Data & Analytics

10:14 AM
Bill Bradway
Bill Bradway

Bankers Show Interest in Customer Centricity

Customer-centric institutions are growing faster and more successfully than product-oriented institutions.

In September, one of my columns focused on the common attributes that link customer centricity and risk management for bankers ("What Do Customer Centricity and Risk Management Have in Common?"). Last month I presented findings from my research in a BS & T hosted webinar ("Get on the Fast Track to Maximizing Customer Value"). For readers who may not have read the column or participated in the webinar, what do I mean by customer centricity? Customer centricity provides the foundation that is needed to support both the operational and business intelligence capabilities associated with delivering a sustainable, high quality customer relationship experience.

Both the column and the webinar provided an opportunity for bankers to reflect on the subject of organizing their bank's business model with a customer centric framework. One of the research findings that I shared in the webinar is the size of the U.S. consumer's financial wallet. Consumers accounted for $1.1 trillion in payments in 2008 for all financial services in the form of interest expense, fees of all types, asset management expenses, commissions, and premiums. And, the total financial wallet is declining slightly due to the economic recession.

The webinar was well attended by bankers. Questions were submitted that we did not have time to answer. I picked five of these questions, along with my responses, to share with readers.

1. Why should banks be thinking about becoming more customer-centric now?

Customers will always need financial services, and these needs will change during their lifecycle. How they decide spend their financial services wallet is increasingly open to better, more relevant and beneficial value for customers. The best customer centric institutions are growing faster and more successfully than the better product oriented institutions. Share of wallet gains by the customer centric institutions are meaningful and a competitive advantage over time.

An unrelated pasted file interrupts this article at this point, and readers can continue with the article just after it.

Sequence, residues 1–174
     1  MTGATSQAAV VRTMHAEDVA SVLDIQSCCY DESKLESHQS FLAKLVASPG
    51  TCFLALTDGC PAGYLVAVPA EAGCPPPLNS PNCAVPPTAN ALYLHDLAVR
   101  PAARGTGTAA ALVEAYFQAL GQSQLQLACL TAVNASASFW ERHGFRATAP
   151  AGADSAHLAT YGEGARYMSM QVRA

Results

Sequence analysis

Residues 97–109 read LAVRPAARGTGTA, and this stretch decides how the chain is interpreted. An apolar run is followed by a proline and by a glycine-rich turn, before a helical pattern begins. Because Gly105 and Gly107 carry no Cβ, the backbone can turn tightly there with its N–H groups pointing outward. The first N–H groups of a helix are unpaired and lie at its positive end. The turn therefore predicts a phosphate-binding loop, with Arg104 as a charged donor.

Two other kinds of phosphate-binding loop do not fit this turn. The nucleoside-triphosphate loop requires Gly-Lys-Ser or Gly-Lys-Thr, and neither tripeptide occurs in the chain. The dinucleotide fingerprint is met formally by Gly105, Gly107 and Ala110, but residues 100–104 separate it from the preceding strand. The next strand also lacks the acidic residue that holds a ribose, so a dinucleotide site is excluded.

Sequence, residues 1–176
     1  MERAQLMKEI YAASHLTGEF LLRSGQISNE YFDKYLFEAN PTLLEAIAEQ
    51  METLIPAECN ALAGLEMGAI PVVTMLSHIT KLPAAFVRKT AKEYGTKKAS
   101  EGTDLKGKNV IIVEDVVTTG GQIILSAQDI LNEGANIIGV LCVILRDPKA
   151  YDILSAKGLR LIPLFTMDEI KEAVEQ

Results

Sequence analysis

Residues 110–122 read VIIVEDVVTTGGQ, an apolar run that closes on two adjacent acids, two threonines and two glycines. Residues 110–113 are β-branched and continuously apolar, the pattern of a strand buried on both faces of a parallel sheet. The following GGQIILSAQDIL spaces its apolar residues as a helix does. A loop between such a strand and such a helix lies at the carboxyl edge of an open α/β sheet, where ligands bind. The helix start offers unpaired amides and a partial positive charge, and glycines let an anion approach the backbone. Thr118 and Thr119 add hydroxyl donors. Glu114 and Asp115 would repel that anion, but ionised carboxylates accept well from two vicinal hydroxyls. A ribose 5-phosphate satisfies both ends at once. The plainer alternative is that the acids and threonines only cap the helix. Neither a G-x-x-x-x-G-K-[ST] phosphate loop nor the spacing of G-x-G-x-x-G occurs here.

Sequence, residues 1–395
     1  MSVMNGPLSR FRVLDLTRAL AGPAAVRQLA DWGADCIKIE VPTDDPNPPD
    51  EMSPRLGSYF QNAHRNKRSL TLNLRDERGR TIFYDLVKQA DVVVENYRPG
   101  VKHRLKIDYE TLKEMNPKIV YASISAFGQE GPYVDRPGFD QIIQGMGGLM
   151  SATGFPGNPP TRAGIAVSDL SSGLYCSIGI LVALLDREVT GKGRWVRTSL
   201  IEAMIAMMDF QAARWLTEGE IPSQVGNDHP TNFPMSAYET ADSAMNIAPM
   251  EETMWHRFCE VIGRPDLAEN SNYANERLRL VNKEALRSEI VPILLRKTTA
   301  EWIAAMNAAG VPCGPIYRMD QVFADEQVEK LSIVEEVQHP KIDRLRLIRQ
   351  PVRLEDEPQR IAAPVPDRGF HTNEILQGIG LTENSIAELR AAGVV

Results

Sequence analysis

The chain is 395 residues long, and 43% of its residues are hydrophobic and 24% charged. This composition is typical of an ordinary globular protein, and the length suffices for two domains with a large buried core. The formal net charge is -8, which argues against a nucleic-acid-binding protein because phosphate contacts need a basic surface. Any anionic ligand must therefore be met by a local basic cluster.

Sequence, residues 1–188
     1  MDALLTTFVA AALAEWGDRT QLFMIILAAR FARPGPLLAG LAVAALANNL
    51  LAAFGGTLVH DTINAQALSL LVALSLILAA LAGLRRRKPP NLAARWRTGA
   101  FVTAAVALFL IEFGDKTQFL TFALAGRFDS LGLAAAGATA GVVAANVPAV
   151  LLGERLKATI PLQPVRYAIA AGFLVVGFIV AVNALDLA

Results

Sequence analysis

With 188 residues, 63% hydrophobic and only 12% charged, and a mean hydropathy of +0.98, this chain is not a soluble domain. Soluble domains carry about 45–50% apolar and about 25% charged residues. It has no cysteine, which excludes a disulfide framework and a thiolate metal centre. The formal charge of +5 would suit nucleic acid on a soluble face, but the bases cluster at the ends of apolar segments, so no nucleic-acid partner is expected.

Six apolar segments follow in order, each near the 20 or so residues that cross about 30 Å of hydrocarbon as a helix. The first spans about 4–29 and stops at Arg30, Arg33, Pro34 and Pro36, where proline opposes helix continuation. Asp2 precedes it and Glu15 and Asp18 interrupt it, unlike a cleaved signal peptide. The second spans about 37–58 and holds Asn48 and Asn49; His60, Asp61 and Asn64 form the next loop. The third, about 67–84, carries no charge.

2. What's the first step a bank can take towards this goal?

The C-level suite needs to recognize that customers are the key to their bank’s future. Top management must figure out how to shift from a product to customer orientation from top to bottom and back to the top. The bigger the institution, the more difficult this change will be.

3. From a title perspective, who typically owns the initiative to become more customer-centric?

At the best run customer centric institutions, including some of the largest financial institutions, the CEO owns and drives the initiative.

4. What are the best practices seen in your research that drives "Client Delight?"

Interestingly, the simple, reaching out customer touches are highly valued by customers particularly when the touch is not expected and can be replicated across the institution. One example is taking a piece of information from a customer interaction and turning it into a relevant follow up interaction, sometimes with another bank staff member.

5. Why have banks overseas done a better job of being customer-centric, when they started out as product-centric institutions also?

One obvious reason is that a number of developed countries are further along in bank consolidation, have universal banking, and have realized that share of wallet is a key objective. Some of the leading institutions in Canada and Australia are good examples of this focus.

Bill Bradway, founder and managing director of Bradway Research LLC, analyzes the business strategies and IT investments of US banks and credit unions.

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